Federal Power and States' Rights
THE REPUBLICAN PARTY in its beginning arose from the people's urge to build a strong national government to offset the disruptive, weakening influence of the States' Rights Doctrine of the Democratic Party. Paradoxically, now, in 1944, that same Republican Party is urged to dedicate itself to the Doctrine of States' Rights.
In the days of the party's founding, a strong central government was necessary to prevent disruption of our political union. Today, a strong central government is necessary to prevent disruption of our economic and social structure by a variety of conflicting authorities and interests. In that early day, federal power was necessary to make us in fact a nation. Today, federal power is necessary to enable the United States to live and lead in the family of nations.
The debate concerning the concentration of power in Washington is a recurring one. It arises to some extent in every presidential campaign and becomes particularly violent during war periods. But the sincerity and vigor of the present protest has been occasioned by causes beyond the normal maneuvers of politics or the dislocations created by the federal assumption of necessary war powers. It arises from more far-reaching causes.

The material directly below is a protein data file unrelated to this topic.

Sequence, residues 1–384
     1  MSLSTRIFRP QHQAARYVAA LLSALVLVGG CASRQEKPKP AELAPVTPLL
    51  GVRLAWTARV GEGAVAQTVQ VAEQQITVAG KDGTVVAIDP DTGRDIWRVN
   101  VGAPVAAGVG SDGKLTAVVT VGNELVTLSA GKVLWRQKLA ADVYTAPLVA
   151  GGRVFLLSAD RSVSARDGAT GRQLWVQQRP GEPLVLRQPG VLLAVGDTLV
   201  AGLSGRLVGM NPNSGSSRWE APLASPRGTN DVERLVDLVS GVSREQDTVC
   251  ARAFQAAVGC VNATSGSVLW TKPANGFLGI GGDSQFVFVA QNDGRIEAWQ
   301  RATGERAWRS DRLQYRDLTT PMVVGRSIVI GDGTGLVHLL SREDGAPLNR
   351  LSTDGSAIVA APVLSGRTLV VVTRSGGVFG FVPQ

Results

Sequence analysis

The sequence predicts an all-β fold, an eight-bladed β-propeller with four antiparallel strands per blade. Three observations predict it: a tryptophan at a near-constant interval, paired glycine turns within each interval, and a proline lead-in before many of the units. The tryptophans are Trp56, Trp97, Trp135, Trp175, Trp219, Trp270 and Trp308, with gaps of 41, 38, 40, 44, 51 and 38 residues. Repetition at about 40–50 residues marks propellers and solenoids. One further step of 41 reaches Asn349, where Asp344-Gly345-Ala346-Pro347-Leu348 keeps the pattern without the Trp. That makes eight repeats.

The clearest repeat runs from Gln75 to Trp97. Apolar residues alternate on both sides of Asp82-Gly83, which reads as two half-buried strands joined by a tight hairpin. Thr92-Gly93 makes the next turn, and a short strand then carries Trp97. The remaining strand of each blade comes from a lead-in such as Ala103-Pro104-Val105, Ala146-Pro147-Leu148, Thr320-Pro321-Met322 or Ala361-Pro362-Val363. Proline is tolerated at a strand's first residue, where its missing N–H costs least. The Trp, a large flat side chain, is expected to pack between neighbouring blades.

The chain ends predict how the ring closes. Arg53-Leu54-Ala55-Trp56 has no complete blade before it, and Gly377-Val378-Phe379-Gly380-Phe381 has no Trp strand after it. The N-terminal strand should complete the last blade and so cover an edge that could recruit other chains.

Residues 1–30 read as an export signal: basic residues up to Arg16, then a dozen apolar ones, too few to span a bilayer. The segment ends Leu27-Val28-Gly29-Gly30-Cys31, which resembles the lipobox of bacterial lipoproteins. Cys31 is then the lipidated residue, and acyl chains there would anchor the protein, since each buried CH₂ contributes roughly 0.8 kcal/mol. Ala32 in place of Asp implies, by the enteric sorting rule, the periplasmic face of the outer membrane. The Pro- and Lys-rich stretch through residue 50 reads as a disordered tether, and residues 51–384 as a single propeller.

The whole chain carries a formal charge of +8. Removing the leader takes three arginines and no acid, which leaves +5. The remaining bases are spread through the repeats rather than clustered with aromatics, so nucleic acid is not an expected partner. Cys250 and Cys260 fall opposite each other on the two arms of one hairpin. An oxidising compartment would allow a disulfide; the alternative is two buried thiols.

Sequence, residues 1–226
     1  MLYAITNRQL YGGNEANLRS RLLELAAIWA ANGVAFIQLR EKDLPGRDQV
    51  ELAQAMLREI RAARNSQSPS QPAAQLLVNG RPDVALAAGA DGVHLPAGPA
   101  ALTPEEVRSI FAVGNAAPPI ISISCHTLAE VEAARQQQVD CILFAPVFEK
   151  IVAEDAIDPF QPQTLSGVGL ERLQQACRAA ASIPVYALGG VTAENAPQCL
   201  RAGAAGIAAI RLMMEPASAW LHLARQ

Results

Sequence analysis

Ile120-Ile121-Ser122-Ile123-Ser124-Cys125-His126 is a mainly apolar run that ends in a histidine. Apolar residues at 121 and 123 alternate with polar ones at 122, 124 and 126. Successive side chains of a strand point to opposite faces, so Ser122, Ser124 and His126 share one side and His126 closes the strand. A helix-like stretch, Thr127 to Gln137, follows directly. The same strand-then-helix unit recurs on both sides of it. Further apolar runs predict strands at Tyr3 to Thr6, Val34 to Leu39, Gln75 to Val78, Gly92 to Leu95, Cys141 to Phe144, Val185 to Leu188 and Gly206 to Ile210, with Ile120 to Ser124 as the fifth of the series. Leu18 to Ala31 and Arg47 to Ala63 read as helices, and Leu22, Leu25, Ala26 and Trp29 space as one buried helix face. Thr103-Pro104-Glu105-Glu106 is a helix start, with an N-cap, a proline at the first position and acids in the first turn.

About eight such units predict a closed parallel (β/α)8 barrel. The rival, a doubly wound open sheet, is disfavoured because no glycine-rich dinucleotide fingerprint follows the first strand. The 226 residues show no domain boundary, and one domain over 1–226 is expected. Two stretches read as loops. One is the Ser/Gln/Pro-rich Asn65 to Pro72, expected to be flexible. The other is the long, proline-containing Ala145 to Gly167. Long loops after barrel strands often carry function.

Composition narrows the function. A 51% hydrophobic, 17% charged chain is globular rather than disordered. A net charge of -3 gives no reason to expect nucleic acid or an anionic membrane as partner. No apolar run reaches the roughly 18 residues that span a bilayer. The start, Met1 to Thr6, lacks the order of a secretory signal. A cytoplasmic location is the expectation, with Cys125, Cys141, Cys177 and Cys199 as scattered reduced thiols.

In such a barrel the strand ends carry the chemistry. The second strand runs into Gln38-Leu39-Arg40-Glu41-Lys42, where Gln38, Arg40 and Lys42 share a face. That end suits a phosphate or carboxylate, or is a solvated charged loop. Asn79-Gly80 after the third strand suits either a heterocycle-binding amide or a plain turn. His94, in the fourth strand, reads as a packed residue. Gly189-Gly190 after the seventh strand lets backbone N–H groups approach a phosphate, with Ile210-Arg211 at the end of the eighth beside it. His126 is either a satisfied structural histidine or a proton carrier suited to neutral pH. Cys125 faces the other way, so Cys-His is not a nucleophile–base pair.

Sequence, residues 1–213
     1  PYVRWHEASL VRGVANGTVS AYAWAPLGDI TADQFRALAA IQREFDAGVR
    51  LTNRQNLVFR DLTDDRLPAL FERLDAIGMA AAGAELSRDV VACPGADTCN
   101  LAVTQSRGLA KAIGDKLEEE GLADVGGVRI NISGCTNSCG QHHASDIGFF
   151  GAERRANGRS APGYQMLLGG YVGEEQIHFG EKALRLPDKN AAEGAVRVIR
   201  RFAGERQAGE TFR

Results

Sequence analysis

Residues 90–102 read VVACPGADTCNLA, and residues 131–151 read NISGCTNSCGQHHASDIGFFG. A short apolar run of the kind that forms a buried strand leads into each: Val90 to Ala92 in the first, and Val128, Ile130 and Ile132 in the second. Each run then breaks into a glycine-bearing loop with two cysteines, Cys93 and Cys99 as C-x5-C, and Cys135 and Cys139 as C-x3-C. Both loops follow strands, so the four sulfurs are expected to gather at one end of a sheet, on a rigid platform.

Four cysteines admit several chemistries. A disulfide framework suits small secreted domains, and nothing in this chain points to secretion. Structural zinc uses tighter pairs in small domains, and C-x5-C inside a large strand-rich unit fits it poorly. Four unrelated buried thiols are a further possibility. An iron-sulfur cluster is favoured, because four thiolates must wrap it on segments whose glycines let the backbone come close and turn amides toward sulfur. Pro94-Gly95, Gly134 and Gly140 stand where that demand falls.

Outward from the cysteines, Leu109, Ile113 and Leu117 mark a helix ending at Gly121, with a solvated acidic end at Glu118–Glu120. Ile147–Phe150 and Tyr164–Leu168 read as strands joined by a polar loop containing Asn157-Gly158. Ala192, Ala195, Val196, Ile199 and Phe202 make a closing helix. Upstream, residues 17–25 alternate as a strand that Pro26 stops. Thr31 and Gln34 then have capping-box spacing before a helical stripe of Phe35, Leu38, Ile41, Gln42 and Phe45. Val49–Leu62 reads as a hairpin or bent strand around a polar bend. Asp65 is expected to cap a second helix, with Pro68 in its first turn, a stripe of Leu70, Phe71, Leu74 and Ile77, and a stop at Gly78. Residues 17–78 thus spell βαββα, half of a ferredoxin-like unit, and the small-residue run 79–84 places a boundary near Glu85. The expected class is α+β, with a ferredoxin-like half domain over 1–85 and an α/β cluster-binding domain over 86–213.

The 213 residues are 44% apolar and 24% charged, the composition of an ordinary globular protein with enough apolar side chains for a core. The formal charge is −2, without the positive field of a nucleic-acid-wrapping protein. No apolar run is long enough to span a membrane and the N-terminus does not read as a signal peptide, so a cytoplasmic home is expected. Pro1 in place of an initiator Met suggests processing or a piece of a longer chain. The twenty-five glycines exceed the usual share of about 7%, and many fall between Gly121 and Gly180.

The spectacle of the present administration's arbitrary use of vast authority; the caprices of a government of men grown bold and reckless with the use of power, favoring first one economic group and then another, while subjecting individuals and their rights to the judgment of whims and theories; the manifold eivdences to every citizen, even in his own community, of the inefficiencies and reckless extravagances of federal agents -- all these abuses have aroused dissatisfactions among the people which have naturally formed an issue for the